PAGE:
Fact: Home remedies can make problems worse! We’ve seen many issues like ingrown toenails exacerbated by someone trying a “folk remedy” at home. This can often lead to a nasty infection which can be a huge problem, especially if the patient has diabetes. It’s always better to call our office if you’re suffering from any ailments in your feet.

Myth: It’s not important for the podiatrist to see my shoes.

Fact: Your podiatrist can deduce a lot about your feet from your shoes! Your shoes can shed light onto your gait, which can point to certain biomechanical issues such as overpronation. Your shoes also play a huge role in how healthy your feet are. If you wear unsupportive shoes like flip-flops all day, or spend a lot of time with your toes shoved together in high-heels, you can end up with painful issues like bunions. Your podiatrist can help to recommend the best style of footwear that will fit your feet and your lifestyle.

Do you have questions about your feet? You can bet that Dr. Adam Mucinskas here at Feet First Foot Care Specialists has the answers! He keeps up-to-date on all the latest podiatric health issues and utilizes state-of-the-art diagnostics and treatment techniques. Please give us a call today to schedule an appointment at our conveniently located office in the Cromwell, Connecticut area: (860) 632-5499.

By Feet First Foot Care Specialists, LLC
September 12, 2018
Category: foot facts

Feet are so cool! Obviously, we believe that here at Feet First Foot Care Specialists. We talk about feet nonstop! Mostly though, we talk to our patients about how to prevent and treat the foot woes that they are currently dealing with. Today, we thought we’d share some lesser-discussed foot facts with you. Here are four fun things about feet that you might not have known:

  1. Each of your feet has over 250,000 sweat glands that produce sweat! Collectively, that means our feet can produce up to a half of a pint of sweat each day. That might seem gross to you, but it’s fascinating to us! It’s also a great reason to bring a pair of socks to change into in the middle of the day. Just think of that next time you’re thinking about walking barefoot on a gym locker-room floor!
  2. Standing for an hour can actually make your feet feel more tired than if you were walking for the same amount of time! This is because standing uses just a few muscles, which means that the muscles being used are being used in an extra concentrated manner. They are working hard to compensate and balance your weight. This can be exacerbated by improper footwear or any pre-existing foot condition.
  3. Everyone suffers from foot issues! Up to 5% of Americans have developed corns, calluses, fungal infections, or ingrown toenails. These are all issues that your podiatrist is trained and equipped to help you handle if you’re dealing with any of them.
  4. Some people are born with flat feet. We know that our feet sometimes lose arches over time as we age or if we put on too many pounds, but some people are naturally born without that arch. If you notice this issue in your child, it can often be corrected using custom orthotics.

Like I said, we love feet! If you have any foot issues you need to talk about, Dr. Adam Mucinskas here at Feet First Foot Care Specialists is here to help. Please give us a call today to schedule an appointment at our conveniently located office in the Cromwell, Connecticut area: (860) 632-5499.

By Feet First Foot Care Specialists, LLC
June 13, 2018
Category: sports injuries

We’re right smack in the middle of baseball season. If you’ve been practicing your homerun swing this year, you know it can take a lot out of you! Though it might not seem as dangerous as a contact sport like tackle football, if you’ve ever twisted your ankle diving for a ball or suffered a stress fracture rounding the bases, you know how your body can take a beating. There are many common foot injuries associated with America’s pastime. Here at Feet First Foot Care Specialists, we’ve compiled some of the common ones, along with great ways to prevent them.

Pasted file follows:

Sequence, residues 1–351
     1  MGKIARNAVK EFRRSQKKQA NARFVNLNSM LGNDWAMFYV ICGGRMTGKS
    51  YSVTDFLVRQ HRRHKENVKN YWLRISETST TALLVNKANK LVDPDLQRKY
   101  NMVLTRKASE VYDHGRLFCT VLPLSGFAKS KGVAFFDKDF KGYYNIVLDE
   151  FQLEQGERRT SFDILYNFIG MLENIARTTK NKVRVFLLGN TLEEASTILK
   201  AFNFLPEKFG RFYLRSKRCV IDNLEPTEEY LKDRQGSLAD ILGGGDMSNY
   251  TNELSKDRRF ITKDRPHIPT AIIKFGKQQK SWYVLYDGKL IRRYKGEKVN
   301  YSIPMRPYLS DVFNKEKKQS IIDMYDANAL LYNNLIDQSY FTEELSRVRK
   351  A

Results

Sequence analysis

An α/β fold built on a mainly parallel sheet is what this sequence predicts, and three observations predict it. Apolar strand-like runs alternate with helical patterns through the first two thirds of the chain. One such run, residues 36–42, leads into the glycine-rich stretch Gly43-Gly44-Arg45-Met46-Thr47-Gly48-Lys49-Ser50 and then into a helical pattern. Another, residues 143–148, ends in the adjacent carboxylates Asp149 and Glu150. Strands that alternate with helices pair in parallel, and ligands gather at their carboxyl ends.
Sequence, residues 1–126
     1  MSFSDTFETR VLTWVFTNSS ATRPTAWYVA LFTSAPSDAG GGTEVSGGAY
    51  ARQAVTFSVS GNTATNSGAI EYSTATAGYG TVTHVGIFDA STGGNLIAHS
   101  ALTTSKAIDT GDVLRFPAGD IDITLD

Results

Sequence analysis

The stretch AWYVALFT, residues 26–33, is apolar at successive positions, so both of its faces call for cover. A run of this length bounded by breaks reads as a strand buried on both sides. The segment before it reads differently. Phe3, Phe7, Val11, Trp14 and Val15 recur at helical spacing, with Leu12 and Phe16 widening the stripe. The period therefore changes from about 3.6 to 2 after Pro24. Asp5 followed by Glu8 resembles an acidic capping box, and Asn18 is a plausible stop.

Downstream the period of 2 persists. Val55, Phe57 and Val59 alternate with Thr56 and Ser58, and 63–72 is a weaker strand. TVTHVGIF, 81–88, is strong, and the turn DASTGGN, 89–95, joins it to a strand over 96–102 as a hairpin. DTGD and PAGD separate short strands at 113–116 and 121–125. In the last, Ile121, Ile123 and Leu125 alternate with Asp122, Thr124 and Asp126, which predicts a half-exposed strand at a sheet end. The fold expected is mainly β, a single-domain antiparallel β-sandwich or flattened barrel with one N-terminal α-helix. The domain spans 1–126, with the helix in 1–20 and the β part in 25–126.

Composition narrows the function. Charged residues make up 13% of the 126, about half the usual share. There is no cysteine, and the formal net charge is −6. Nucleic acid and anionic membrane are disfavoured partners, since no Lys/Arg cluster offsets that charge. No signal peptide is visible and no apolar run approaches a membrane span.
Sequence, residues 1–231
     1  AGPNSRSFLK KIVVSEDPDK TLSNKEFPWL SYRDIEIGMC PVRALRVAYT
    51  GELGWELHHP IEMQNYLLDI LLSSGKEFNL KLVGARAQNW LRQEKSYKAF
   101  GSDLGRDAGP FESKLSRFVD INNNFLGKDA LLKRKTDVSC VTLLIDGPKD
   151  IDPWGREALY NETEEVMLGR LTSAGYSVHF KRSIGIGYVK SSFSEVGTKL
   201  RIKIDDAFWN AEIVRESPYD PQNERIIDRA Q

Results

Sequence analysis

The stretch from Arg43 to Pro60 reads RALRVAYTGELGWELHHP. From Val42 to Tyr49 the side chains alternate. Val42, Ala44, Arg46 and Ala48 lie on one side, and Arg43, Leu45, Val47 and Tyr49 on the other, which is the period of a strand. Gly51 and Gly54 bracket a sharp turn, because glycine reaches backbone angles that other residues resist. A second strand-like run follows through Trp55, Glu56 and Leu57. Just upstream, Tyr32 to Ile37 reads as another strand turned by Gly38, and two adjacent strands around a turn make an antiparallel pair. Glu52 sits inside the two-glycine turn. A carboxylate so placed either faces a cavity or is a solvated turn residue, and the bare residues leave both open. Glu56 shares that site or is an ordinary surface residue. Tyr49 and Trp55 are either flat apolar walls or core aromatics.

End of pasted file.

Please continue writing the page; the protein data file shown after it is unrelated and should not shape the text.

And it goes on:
The most common injuries in baseball:

  • Sprains and fractures: quick sprints, slides, and pivots are a huge part of baseball. After you get a solid slug, you want to round the bases as quickly as possible to avoid getting tagged out. These herky-jerky movements can often lead to overstretching a tendon or ligament or fracturing a bone.
  • Achilles tendinitis: brief sprints followed by pauses repeatedly can shock your Achilles tendon and cause it to become inflamed.
  • Plantar fasciitis: catchers are in a squatting position for long stretches of a baseball game, often causing their arches to hurt. Heel spurs can also occur from prolonged plantar fasciitis.
  • Ingrown toenails: tight cleats that squeeze your toes together can cause ingrown toenails.

Prevention is key for all sports injuries. To keep yourself in the game, follow these tips:

  • Practice good warmup and cooldown techniques before and after playing
  • Get the right gear and ensure your baseball cleats are a proper fit
  • Learn good running and sliding techniques and always keep them in practice
  • Rest when you need to and let your body recover between playing
  • Stay hydrated
  • Keep up with podiatry appointments, especially if you’re experiencing pain or discomfort

A sprain or slight injury might not seem like a big deal when you’re in the heat of the game, but without proper treatment, it can worsen and potentially lead to a chronic foot issue. If your safety practices have waned throughout the baseball season, now might be a great time to reassess them to ensure your feet and ankles stay safe and healthy.

At Feet First Foot Care Specialists, Dr. Adam Mucinskas can help assess your foot and ankle health and ensure your season continues well. If you have sustained an injury this year, Dr. Mucinskas can assess and administer any needed pain relief. Please give us a call today to schedule an appointment at our conveniently located office in the Cromwell, Connecticut area: (860) 632-5499.



 








 

 

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162 West St Ste K
Cromwell, CT 06416